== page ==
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The company where i am currently working has a special kind of authentication process.

Indeed, several users can have the same login and password. So, to identify them, in a second time, the user has to give his email. But again, in a few cases, several users can be concerned and then, the user has to give his company id to be full authenticated.

So, my problem is that in some cases, the authentication process cannot be done in one step, which is the default behaviour of most applications that Spring Security handles out of the box.

So my question is : what is the simpliest way to implement with Spring Security this special login process ?

Thanks in advance.

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1 Answer 1

up vote 12 down vote accepted

I had to do a similar two-step authentication process. It sounds simple, but finding the right places to inject and the right methods to override was not easy. The basic idea is to provide another role for the intermediate authentication (the email check), then grant full access after the email is confirmed.

Hopefully the code below provides some good hints on how it could be solved for your scenario.

Create a custom UserDetailsChecker to handle post-authentication checks. This is where the user's role is determined.

public class CustomPostAuthenticationChecks implements UserDetailsChecker {

        public void check(UserDetails userDetails) {

            CustomUser customUser = (CustomUser) userDetails;
            if (customUser.needsEmailAuthentication()) {
                // Get rid of any authorities the user currently has
                // Set the new authority, only allowing access to the 
                // email authentication page.
                userDetails.getAuthorities().add(new GrantedAuthorityImpl("ROLE_NEEDS_EMAIL_AUTH"));
            } else {
                userDetails.getAuthorities().add(new GrantedAuthorityImpl("ROLE_AUTHORIZED_USER"));

Create a custom AuthenticationSuccessHandler. This class sends the user to the correct URL based on their role.

public class CustomAuthenticationSuccessHandler extends SavedRequestAwareAuthenticationSuccessHandler {

protected String determineTargetUrl(HttpServletRequest request, HttpServletResponse response) {

    String targetUrl = null;

    SecurityContext securityContext = SecurityContextHolder.getContext();

    Collection<GrantedAuthority> authorities = securityContext.getAuthentication().getAuthorities();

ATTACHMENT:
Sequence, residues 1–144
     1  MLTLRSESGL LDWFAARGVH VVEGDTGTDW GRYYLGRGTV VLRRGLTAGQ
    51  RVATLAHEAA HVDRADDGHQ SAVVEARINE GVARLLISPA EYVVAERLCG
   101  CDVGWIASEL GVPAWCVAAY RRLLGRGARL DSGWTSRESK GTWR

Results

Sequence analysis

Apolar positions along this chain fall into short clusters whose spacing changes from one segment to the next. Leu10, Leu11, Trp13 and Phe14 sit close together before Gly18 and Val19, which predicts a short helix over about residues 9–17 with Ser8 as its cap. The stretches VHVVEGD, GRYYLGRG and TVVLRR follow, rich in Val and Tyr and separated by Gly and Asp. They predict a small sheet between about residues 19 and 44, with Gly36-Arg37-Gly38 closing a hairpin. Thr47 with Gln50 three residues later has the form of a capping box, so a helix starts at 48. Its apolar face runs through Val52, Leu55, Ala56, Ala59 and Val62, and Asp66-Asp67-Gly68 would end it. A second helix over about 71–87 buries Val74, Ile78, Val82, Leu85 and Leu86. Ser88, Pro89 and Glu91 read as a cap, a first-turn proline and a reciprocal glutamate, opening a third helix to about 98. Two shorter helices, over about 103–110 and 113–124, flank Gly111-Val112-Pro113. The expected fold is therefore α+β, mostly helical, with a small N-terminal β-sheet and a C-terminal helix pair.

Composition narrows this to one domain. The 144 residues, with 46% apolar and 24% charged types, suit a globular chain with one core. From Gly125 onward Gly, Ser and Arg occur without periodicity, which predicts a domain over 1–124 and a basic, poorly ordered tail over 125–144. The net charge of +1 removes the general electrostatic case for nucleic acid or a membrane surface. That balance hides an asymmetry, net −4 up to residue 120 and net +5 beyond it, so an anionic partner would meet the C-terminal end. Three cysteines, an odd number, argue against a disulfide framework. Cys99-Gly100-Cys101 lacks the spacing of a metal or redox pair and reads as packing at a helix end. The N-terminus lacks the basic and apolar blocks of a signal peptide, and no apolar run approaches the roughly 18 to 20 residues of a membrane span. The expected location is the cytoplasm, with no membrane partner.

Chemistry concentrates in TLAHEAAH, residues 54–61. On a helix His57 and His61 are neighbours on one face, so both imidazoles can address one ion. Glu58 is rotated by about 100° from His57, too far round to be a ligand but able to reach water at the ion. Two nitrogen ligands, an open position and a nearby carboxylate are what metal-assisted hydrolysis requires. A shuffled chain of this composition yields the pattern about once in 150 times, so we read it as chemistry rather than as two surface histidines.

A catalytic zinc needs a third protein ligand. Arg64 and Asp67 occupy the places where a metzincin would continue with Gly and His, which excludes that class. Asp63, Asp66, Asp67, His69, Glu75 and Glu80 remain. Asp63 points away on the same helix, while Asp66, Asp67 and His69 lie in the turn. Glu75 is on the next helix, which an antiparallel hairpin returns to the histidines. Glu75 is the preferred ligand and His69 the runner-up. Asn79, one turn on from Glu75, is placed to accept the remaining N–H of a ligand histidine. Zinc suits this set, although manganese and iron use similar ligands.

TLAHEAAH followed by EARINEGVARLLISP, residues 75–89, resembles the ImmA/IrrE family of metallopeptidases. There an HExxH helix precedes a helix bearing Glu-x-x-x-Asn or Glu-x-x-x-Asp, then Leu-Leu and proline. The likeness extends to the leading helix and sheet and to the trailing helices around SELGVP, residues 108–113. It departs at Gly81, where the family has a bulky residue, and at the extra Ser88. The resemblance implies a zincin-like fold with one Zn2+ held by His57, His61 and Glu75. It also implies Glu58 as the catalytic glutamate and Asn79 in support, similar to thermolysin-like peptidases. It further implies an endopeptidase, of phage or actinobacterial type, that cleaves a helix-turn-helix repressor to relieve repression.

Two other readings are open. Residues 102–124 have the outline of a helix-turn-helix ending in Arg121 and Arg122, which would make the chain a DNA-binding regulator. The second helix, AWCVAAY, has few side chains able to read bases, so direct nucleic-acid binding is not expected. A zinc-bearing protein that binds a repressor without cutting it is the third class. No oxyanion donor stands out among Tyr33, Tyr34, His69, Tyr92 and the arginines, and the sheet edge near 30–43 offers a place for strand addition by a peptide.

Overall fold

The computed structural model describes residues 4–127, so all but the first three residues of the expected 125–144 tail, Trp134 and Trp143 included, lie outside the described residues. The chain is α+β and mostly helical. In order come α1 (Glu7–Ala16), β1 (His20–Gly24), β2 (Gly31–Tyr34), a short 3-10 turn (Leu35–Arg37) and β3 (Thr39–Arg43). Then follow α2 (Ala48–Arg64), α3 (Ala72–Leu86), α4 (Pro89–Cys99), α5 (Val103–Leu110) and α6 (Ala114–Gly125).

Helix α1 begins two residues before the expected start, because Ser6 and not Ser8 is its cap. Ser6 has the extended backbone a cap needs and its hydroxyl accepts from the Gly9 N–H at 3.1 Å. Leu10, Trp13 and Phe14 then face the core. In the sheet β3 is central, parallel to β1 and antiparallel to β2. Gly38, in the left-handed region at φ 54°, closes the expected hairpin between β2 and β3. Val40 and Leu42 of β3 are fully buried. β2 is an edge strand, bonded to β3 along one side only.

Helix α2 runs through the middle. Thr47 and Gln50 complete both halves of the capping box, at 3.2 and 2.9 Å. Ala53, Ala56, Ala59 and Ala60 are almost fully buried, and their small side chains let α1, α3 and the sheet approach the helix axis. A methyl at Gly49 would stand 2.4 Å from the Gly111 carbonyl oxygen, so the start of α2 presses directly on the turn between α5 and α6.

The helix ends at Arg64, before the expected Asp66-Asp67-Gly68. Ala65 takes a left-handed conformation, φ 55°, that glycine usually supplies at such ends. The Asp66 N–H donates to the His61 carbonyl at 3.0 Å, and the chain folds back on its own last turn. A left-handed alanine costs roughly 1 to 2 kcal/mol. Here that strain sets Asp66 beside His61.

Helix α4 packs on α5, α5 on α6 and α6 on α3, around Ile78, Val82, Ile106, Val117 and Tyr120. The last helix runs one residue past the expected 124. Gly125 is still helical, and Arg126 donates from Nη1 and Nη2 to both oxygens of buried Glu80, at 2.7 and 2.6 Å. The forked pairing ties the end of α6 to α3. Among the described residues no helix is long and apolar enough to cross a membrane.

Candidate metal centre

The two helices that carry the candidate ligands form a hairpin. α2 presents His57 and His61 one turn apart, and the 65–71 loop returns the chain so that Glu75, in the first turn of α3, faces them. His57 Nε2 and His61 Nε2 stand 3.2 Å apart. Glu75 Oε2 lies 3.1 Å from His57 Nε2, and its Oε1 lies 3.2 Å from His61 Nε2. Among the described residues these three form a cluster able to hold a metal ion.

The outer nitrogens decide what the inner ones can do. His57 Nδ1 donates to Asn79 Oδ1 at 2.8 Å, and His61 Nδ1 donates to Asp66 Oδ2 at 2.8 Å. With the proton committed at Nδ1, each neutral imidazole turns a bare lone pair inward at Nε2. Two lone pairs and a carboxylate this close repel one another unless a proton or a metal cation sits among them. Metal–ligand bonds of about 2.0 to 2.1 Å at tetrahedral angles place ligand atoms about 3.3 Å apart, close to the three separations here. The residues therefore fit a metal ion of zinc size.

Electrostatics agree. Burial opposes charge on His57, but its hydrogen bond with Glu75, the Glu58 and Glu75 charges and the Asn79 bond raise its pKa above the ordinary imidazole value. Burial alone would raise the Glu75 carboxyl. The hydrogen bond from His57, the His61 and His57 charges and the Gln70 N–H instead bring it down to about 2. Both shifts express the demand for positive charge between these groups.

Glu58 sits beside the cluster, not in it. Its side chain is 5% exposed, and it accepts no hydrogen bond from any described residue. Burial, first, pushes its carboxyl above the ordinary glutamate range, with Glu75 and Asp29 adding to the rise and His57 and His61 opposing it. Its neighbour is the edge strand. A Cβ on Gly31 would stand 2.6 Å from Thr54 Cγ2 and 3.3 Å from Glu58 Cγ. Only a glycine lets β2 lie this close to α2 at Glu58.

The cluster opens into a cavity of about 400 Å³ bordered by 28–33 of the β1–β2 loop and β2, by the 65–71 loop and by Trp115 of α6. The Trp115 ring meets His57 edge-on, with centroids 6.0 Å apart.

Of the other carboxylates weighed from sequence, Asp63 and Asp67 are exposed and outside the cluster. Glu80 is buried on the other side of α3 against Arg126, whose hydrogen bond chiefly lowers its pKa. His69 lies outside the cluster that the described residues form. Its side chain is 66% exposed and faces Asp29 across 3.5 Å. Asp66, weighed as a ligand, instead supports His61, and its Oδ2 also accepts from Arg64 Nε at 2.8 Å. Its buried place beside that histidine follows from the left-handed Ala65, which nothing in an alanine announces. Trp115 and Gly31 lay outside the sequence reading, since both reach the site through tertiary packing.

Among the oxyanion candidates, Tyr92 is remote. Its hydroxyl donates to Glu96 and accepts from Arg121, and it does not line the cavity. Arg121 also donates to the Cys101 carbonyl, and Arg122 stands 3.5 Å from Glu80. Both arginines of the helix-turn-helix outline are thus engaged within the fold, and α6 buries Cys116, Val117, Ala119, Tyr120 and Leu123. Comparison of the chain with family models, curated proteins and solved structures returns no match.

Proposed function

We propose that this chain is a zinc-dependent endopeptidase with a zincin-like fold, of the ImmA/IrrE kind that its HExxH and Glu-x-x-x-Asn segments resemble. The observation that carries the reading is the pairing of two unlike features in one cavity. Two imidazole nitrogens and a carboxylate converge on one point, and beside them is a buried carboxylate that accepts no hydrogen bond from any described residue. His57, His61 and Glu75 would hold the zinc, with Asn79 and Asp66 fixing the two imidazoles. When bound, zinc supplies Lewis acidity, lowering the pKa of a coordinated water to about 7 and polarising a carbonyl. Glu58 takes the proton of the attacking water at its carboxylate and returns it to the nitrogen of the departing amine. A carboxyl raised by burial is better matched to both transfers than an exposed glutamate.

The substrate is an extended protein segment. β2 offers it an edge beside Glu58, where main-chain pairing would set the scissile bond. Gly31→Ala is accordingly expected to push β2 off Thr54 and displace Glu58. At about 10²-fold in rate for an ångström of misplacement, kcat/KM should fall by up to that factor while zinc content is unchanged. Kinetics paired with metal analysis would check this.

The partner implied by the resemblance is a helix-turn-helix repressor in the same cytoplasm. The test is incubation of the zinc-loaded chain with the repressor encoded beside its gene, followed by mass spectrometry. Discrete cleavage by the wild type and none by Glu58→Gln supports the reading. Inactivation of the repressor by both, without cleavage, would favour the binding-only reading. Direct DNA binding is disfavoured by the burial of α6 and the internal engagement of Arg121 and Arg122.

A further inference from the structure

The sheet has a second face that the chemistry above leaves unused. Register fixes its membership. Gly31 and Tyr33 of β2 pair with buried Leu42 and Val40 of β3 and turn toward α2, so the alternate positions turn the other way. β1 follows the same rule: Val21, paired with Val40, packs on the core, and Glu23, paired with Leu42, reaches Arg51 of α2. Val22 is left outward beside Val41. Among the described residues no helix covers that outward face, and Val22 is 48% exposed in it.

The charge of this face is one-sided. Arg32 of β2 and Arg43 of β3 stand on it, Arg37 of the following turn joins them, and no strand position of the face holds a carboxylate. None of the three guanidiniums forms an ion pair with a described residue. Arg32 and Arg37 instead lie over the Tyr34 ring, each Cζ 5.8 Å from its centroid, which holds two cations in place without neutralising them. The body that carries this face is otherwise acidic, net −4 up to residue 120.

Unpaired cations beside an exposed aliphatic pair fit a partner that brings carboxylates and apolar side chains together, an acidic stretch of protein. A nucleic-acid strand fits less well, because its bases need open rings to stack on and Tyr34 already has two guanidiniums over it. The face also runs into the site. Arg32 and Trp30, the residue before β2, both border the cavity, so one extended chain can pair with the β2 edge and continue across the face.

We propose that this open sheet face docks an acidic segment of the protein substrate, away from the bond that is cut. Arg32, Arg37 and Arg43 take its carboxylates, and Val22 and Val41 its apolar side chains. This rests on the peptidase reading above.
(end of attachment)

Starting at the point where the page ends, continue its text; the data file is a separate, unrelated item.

if (authorities.contains(new GrantedAuthorityImpl("ROLE_NEEDS_EMAIL_AUTH"))) {
        targetUrl = "/authenticate";
    } else if (authorities.contains(new GrantedAuthorityImpl("ROLE_AUTHORIZED_USER"))) {
        targetUrl = "/authorized_user_url";
    } else {
        targetUrl = super.determineTargetUrl(request, response);

    return targetUrl;

After the user's email address is authenticated, you will need to grant the user full access to the application:

public void grantUserAccess(User user) {
    SecurityContext securityContext = SecurityContextHolder.getContext();
    Authentication auth = securityContext.getAuthentication();
    user.getAuthorities().add(new GrantedAuthorityImpl("ROLE_AUTHORIZED_USER"));
    Authentication newAuth = new UsernamePasswordAuthenticationToken(user, auth.getCredentials(), user.getAuthorities());

Define a custom authentication provider to register your CustomPostAuthenticationChecks:

    <security:authentication-provider ref="customAuthenticationProvider" />

<bean id="customAuthenticationProvider" class="YourAuthenticationProvider">
    <property name="postAuthenticationChecks">
        <bean class="CustomPostAuthenticationChecks"/>

If you're using the standard form-login tag, you can easily define your custom AuthenticationSuccessHandler:

<security:form-login authentication-success-handler-ref="customAuthenticationSuccessHandler">


<bean id="customAuthenticationSuccessHandler" class="CustomAuthenticationSuccessHandler"/>

Add a new role intercept rule for the /authenticate URL, so only users who need more authentication can access that page.

<security:intercept-url pattern="/authenticate/**" access="hasRole('ROLE_NEEDS_EMAIL_AUTH')" />
<security:intercept-url pattern="/authorized_user_url/**" access="hasRole('ROLE_AUTHORIZED_USER')" />
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oh thanks a lot Brad. That's why i need and you won't believe me if i tell you that i was doing something very similar when i saw your answer! However, i did not plan to use a customAuthenticationProvider. I planned to use a custom UserDetailsService only where i retrieve the user and i determine the role. Do you think it is right ? Thanks a lot. –  rico Jul 21 '11 at 22:55
If you grant them authorities in the UserDetailsService, what happens if their username/password do not match and a BadCredentialsException is thrown. The password check is done after the UserDetailsService loads the user, so would they be left with the "ROLE_NEEDS_EMAIL_AUTH" authority? –  Brad Jul 21 '11 at 23:11
oh ok. I did not know that UserDetailsService was just to retrieve the user by his username and that's all. And what is the best way to keep the username and password in the session (or anywhere else) in order to perform the second check with the email? –  rico Jul 22 '11 at 8:23
Ok, i had that question because when i retrieved the user by calling the SecurityContextHolder and Authentication, i had a null password. But in fact, it was because i was using the latest version 3.1 of Spring Security and in this version, the credentials are erased by default after the user is authenticated. It is not the case in Spring Security 3.0.5 where they are not erased by default. I don't know if it is worth to erase it after all... –  rico Jul 22 '11 at 14:01

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